Global incidence trends in primary liver cancer by age at diagnosis, sex, region, and etiology, 1990‐2017

Background: The incidence of primary liver cancer (PLC) continues to increase worldwide. The incidence trends and patterns of PLC associated with different age at diagnosis remain unknown.

Methods: We collected detailed information on PLC between 1990 and 2017 from Global Burden of Disease Study 2017. Estimated annual percentage changes in the PLC age-standardized incidence rate (ASR) diagnosed by age, sex, region, and etiology were calculated to quantify the temporal trends in PLC ASR.

Results: Globally, the number of PLC cases for which the age at diagnosis was <30 years decreased from 17,381 in 1990 to 14,661 in 2017, whereas the number of PLC cases diagnosed at age 30 to 59 and ≥60 years old increased from 216,561 and 241,189 in 1990 to 359,770 and 578,344 in 2017, respectively. The ASR of PLC cases with age at diagnosis <30 years and between 30 and 59 years decreased in both sexes, whereas the ASR of PLC with age at diagnosis ≥60 years increased in males and remained stable in females at the global level. Males had a more dramatic increase in PLC diagnosed at age ≥60 years but a milder decrease in PLC diagnosed between 30 and 59 years of age. This decrease was attributed largely to the reduction in PLC caused by hepatitis B and hepatitis C and was consistent in most regions except for developed countries, in which the ASR of PLC increased irrespective of sex and age. The ASR of PLC due to nonalcoholic steatohepatitis (NASH) increased by the greatest magnitude in most regions.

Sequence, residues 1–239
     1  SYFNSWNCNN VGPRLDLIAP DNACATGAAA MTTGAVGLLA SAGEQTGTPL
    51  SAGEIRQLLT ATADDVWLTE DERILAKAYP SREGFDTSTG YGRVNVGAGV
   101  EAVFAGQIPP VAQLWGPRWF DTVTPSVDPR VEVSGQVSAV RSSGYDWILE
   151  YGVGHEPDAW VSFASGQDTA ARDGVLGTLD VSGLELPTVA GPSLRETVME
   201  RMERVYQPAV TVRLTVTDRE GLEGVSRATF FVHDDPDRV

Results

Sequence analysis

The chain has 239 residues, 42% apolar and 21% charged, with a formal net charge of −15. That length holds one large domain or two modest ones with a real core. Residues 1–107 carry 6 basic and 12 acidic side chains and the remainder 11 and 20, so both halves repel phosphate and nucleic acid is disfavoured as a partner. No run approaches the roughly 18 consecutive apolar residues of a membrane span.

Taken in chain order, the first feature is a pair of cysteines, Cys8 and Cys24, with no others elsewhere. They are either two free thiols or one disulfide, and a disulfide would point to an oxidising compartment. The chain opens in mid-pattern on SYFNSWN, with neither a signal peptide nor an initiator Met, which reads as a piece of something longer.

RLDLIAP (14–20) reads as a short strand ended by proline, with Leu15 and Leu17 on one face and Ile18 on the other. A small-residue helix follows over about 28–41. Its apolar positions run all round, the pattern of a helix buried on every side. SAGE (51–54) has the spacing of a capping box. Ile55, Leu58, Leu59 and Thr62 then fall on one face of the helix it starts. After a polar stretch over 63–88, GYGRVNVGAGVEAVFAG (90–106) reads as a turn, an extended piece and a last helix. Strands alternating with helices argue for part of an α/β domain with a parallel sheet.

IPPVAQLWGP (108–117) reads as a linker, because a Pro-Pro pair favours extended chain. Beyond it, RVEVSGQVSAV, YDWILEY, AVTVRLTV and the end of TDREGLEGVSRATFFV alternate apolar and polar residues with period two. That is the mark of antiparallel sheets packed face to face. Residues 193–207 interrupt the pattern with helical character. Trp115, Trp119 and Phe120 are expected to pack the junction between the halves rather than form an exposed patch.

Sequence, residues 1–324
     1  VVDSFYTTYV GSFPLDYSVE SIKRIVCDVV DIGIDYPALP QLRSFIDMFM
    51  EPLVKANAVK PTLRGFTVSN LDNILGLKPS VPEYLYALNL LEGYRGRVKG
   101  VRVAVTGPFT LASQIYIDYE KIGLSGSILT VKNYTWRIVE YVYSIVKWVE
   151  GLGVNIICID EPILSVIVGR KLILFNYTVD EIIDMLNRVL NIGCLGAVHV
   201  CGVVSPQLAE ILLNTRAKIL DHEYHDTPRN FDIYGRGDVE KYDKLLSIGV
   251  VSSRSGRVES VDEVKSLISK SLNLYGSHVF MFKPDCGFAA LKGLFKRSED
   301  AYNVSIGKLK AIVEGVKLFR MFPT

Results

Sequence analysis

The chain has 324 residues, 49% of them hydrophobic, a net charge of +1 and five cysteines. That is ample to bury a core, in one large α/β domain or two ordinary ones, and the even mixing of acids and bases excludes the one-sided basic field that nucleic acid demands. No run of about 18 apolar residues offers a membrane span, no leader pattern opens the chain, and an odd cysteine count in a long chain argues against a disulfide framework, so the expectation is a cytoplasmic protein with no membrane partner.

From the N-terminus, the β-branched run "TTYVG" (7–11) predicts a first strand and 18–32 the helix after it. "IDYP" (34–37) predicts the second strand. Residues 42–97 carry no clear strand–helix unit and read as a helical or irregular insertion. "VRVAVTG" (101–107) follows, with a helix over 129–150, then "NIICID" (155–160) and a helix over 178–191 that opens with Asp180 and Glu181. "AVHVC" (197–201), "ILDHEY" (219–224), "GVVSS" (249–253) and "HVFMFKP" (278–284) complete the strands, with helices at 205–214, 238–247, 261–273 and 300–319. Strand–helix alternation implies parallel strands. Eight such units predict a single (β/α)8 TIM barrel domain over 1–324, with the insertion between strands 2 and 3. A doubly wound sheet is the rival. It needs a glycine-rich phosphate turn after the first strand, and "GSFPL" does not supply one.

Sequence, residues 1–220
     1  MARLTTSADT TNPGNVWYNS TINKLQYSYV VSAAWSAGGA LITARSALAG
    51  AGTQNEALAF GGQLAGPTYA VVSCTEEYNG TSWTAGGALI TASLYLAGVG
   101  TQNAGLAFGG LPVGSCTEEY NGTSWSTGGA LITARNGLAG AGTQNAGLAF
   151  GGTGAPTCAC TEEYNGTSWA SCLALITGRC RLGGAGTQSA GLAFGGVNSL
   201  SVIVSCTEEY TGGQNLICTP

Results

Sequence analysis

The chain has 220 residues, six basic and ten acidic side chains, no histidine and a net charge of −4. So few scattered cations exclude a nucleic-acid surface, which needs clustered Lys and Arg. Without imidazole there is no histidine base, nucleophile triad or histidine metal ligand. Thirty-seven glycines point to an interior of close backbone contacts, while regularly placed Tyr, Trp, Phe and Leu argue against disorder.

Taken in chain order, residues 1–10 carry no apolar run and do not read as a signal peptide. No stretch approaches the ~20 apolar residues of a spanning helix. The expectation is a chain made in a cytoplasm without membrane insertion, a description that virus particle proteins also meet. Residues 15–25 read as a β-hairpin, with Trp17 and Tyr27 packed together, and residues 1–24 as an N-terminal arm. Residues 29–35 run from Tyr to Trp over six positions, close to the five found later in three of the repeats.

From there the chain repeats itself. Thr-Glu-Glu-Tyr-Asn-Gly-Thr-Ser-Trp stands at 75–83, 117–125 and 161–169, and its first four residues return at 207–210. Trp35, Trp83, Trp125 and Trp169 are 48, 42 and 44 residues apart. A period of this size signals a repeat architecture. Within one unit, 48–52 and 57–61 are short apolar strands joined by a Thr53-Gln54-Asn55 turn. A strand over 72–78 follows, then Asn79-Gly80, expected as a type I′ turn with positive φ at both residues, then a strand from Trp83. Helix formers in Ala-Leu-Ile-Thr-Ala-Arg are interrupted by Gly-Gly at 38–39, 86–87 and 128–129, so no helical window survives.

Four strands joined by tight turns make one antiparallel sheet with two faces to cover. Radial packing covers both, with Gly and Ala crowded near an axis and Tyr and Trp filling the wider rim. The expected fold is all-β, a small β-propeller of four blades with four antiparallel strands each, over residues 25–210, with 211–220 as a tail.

Conclusion: PLC in highly endemic regions has been partly alleviated due to the potent control of hepatitis, especially among young and middle-aged people. However, an unfavorable trend was observed in most developed countries and in elderly populations. As such, PLC prevention schedules should give more attention to NASH and elderly patients.